First, let us assume that the car is behind door no. 1. We can
do this without reducing the validity of our proof, because if
the car were behind door no. 2, we only had to exchange all
occurrences of "door 1" with "door 2" and vice versa, and
the proof would still hold.
The candidate has three choices of doors. Because he has no additional information, he randomly selects one. The possibility (I'll write p from here on like real statisticians do) to choose each of the doors 1, 2, or 3 is 1/3 each:


Candidate chooses  p  

Door 1  1/3  
Door 2  1/3  
Door 3  1/3  
Sum  1  
Going on from this table, we have to split the case depending on the door opened by the host. Since we assume that the car is behind door no. 1, the host has a choice if and only if the candidate selects the first door  because otherwise there is only one "goat door" left! We assume that if the host has a choice, he will randomly select the door to open.


Candidate chooses  Host opens  p  
Door 1  Door 2  1/6  
Door 1  Door 3  1/6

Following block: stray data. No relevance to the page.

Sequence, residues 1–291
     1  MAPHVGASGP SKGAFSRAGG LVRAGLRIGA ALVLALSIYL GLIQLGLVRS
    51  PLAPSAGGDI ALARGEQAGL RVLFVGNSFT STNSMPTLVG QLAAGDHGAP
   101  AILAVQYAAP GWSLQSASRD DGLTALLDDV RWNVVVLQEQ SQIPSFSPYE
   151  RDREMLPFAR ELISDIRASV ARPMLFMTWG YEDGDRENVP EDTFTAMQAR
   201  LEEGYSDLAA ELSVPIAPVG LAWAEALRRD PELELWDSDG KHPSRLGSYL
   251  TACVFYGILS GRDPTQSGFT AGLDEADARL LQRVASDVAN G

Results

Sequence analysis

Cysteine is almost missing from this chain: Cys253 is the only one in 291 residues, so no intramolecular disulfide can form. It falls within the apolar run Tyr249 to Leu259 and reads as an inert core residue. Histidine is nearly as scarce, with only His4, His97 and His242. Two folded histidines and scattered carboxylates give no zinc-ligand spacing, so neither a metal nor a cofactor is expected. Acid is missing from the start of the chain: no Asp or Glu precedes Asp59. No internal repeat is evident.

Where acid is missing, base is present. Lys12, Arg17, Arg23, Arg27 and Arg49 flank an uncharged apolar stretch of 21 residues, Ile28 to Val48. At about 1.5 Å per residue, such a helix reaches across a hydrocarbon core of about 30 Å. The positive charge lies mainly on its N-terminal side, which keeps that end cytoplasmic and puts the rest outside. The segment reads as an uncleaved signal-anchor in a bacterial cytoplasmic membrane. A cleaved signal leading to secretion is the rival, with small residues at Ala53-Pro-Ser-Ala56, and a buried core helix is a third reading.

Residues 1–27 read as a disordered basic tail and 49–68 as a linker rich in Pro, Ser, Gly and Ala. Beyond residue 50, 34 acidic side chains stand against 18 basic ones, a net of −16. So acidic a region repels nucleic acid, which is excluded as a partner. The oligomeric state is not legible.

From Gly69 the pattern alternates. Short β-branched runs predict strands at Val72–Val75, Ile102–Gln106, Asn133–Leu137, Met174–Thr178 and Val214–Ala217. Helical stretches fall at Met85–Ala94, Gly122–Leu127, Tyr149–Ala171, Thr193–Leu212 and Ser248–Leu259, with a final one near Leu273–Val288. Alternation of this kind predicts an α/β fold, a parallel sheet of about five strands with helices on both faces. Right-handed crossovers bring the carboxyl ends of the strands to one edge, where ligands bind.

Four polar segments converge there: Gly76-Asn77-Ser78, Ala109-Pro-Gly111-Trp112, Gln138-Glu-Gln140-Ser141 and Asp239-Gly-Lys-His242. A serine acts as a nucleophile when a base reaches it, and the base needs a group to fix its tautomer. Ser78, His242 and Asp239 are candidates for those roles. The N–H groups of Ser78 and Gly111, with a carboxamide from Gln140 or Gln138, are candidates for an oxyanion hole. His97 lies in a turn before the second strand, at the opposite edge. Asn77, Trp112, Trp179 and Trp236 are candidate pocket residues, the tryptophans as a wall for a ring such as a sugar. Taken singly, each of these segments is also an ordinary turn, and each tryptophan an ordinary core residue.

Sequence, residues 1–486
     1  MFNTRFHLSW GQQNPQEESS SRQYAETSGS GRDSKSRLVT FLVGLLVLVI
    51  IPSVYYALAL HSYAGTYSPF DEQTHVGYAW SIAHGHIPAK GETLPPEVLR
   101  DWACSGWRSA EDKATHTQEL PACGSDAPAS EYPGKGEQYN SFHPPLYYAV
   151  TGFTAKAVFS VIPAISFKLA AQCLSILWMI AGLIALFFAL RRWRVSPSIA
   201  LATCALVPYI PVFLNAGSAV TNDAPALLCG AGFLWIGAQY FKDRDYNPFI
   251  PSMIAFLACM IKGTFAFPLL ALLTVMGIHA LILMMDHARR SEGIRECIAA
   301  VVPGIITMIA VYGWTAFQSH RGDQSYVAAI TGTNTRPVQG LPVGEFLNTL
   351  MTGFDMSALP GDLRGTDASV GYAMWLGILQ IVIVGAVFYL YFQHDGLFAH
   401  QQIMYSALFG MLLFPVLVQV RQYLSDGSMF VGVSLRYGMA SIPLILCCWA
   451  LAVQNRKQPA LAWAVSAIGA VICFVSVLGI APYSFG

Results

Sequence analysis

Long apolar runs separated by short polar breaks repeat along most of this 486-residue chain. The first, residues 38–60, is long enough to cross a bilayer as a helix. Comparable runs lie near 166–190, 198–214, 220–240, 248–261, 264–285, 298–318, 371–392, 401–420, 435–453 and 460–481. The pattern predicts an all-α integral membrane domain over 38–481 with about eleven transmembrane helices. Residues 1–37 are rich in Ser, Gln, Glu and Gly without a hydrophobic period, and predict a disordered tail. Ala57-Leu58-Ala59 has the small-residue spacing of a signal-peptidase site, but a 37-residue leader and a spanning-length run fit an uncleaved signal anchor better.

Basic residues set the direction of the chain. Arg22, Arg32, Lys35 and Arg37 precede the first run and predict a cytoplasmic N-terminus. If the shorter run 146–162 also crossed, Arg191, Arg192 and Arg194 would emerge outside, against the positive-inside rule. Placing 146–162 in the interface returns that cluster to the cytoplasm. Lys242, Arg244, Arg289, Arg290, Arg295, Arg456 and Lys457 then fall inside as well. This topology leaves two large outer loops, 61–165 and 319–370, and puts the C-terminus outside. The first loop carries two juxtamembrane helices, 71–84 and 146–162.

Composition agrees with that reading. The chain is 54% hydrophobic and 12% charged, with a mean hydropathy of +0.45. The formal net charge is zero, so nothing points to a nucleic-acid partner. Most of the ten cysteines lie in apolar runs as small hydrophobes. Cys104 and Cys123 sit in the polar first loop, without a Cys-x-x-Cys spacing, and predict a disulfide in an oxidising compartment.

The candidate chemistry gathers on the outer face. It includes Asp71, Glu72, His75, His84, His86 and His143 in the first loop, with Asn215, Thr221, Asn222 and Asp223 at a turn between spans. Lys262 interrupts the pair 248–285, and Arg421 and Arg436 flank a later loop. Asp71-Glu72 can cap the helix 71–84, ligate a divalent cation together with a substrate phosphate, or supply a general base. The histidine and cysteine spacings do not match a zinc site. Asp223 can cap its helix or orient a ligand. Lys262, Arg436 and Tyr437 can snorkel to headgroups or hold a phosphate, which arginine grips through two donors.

Door 2  Door 3  1/3  
Door 3  Door 2  1/3  
Sum  1  
Let us now look at a candidate who always sticks to his original choice no matter what happens:


Candidate chooses  Host opens  final choice  win  p  
Door 1  Door 2  Door 1  yes  1/6  
Door 1  Door 3  Door 1  yes  1/6  
Door 2  Door 3  Door 2  no  1/3  
Door 3  Door 2  Door 3  no  1/3  
Sum  1  
Sum of cases where candidate wins  1/3  
Now it is almost obvious, but to go all the way here's another table for a candidate who always switches to the other door whenever he gets the chance:


Candidate chooses  Host opens  final choice  win  p  
Door 1  Door 2  Door 3  no  1/6  
Door 1  Door 3  Door 2  no  1/6  
Door 2  Door 3  Door 1  yes  1/3  
Door 3  Door 2  Door 1  yes  1/3  
Sum  1  
Sum of cases where candidate wins  2/3 
What I did here is a very simple proof because I just enumerated all possible cases and added the probabilities. But a proof it is nonetheless, and thus I can boldly write qed. (Which is mathematicianspeak and stands for "quod erat demonstrandum", "which had to be proved".)
If that is not sufficient for you, there's still
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